Well that’s the end of my thoughts for tonight! Our son is kicking so hard that I think he might be launching some sort of escape plan. So I think I will get to bed and give him some extra room to move around. 32 weeks and growing....

Breast Feeding

Let’s talk about breasts shall we? Am I a breastfeeding fan? Yes, I really am. I would say for a number of reasons, that we will look at, that breastfeeding is the best choice for Mom and baby.  What was interesting for me is all the ideas that I had about it before I had Abi. I mean I really had no idea what to expect. From watching movies or seeing mom’s breastfeed that are more practiced I just thought it would be easy. That I would just know what to do and that Abi would. Well I have since discovered that there is a reason that there is an entire profession revolving around learning to breast feed! These wonderful angels of hope are called lactation consultants and there is a reason they exist.  God did absolutely make your body to be able to breast feed, and certainly some mom’s have babies that just take to breast right away and feed wonderfully from the beginning, but other’s of us get to press through a little.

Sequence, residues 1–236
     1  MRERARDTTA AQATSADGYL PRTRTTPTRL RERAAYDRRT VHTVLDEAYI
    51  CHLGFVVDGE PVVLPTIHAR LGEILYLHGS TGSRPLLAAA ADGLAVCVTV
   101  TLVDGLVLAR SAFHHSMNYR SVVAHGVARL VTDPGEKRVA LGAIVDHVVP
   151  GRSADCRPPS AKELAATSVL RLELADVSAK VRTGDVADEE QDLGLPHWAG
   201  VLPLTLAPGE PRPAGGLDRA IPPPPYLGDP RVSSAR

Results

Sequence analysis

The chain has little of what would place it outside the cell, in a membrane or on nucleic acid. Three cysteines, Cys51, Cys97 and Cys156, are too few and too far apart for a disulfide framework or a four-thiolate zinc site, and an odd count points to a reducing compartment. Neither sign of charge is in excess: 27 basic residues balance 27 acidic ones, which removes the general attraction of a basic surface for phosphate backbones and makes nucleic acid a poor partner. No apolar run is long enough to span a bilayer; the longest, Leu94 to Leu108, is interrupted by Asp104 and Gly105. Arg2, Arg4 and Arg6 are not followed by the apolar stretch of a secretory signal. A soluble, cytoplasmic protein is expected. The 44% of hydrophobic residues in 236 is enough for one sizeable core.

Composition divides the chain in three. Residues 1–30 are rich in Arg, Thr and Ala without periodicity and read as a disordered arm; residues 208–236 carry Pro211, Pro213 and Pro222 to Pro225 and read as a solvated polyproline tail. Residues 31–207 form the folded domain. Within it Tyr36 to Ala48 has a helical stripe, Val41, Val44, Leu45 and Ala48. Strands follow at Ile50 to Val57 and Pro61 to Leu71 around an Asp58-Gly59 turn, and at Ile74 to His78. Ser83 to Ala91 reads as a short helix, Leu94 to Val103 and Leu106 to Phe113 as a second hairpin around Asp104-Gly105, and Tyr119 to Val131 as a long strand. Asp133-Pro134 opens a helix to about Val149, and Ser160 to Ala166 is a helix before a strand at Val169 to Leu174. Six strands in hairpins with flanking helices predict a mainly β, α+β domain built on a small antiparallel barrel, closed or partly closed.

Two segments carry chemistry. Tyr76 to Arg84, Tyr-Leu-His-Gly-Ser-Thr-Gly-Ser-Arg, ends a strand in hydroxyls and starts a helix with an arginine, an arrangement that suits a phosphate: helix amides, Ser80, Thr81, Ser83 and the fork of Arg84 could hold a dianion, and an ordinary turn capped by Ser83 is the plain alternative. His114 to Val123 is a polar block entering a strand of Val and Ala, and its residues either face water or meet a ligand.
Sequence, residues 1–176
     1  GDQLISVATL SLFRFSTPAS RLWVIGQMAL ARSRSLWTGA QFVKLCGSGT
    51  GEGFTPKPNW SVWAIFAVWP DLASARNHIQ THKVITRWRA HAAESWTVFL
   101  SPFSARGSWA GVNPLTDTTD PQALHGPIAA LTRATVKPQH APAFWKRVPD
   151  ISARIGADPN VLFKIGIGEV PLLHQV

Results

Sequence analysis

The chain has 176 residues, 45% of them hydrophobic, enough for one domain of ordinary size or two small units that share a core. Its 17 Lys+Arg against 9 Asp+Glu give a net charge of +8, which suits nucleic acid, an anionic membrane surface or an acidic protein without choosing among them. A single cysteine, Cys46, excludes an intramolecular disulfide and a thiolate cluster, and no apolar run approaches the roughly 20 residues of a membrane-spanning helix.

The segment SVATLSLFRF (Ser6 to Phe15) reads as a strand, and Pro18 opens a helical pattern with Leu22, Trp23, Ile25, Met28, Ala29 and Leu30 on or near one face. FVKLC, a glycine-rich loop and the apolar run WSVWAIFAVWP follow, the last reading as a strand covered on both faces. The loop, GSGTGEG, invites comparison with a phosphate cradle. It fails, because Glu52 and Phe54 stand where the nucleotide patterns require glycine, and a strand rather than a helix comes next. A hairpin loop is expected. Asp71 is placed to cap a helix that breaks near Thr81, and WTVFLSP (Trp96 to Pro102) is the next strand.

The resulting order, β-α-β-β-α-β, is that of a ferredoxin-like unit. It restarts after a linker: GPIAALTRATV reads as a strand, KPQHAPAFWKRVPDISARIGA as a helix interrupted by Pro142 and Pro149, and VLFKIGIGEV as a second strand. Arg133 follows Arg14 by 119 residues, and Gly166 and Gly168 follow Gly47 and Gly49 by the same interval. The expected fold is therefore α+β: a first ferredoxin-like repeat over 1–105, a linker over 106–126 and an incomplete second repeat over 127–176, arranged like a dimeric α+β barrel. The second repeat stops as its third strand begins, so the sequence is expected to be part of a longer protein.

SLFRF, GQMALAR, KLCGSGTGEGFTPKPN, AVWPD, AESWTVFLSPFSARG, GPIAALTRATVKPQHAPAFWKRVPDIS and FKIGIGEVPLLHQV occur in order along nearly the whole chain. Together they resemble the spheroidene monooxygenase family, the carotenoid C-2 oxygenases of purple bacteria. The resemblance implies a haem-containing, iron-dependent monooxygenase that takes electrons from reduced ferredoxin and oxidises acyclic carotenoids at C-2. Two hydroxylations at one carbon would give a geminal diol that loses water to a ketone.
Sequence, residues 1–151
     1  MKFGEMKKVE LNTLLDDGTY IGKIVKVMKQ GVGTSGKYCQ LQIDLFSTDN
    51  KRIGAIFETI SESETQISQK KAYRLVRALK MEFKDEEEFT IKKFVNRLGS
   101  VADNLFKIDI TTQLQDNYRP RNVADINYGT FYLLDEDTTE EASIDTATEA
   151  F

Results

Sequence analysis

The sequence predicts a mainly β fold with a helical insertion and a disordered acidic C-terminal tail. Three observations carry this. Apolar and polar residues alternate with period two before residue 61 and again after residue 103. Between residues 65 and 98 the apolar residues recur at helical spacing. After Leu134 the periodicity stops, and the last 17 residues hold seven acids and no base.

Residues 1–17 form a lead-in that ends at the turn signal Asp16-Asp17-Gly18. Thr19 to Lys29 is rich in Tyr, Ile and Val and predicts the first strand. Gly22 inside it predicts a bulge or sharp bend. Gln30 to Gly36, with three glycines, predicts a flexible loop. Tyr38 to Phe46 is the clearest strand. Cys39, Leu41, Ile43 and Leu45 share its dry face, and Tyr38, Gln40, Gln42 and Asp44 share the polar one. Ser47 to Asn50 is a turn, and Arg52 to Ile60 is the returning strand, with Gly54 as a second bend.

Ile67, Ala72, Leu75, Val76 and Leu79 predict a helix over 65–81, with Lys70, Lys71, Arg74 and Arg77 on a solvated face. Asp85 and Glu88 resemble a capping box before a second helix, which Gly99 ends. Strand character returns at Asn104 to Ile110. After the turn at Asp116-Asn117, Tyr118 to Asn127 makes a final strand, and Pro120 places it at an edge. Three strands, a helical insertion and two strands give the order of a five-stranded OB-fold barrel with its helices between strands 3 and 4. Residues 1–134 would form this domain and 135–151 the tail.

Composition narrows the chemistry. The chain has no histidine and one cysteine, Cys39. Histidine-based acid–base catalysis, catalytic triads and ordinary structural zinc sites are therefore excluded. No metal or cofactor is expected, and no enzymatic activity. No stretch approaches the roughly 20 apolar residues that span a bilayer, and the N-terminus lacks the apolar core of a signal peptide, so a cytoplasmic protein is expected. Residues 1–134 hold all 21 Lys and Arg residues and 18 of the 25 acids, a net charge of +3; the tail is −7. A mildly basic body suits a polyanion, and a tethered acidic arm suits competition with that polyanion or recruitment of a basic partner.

I had been told that breast feeding, and pumping, can be painful.  That after a few weeks I would feel much better.  The thing is that’s true but uncomfortable and extremely painful are to different things! But I didn’t know that, so when things were hurting (particularly the pump) I just thought that was normal and had no idea I was actually damaging my breasts. It was hurting, like really hurting so I thought I was doing something right!  When Abigail was born premature by nearly 6 weeks she was not able to breast feed to begin with. She was in an oxygen dome for the first several days and then moved to an incubator as her oxygen levels improved.  As a result she was being fed through a tube into her nose for the first 10 days before we could even start trying to breastfeed.  So during that time I was pumping to make sure she got the colostrum and breast milk instead of formula as the nutritional value of breast milk cannot be matched.  So there I am sitting day after day in the NICU watching sweet Abi in an incubator and pumping through the pain every three hours.  The day before we were about the start breast feeding in the NICU a nurse was checking up on me and I mentioned that it was really hurting to pump.  I told her I knew it was supposed to hurt but I wasn’t sure how much. She looked at my breasts and realized I had blistered and damaged my nipples and that we needed to switch pumps and get some ointment.  It was fixed in a day or two (and we began bottle feedings her the pumped milk) and then I was able to start breast feeding sweet Abi. Because she was premie and her suck was weak it took some work to get it down but I was determined. Abi preferred the bottle as the milk was easier to get out so for a few days she fought the breast but then she realized this was her only option and she started doing much better. I breast fed every feed but also pumped off the extra until I was comfortable on the first morning feed each day. Having said that I do produce an enormous amount of milk!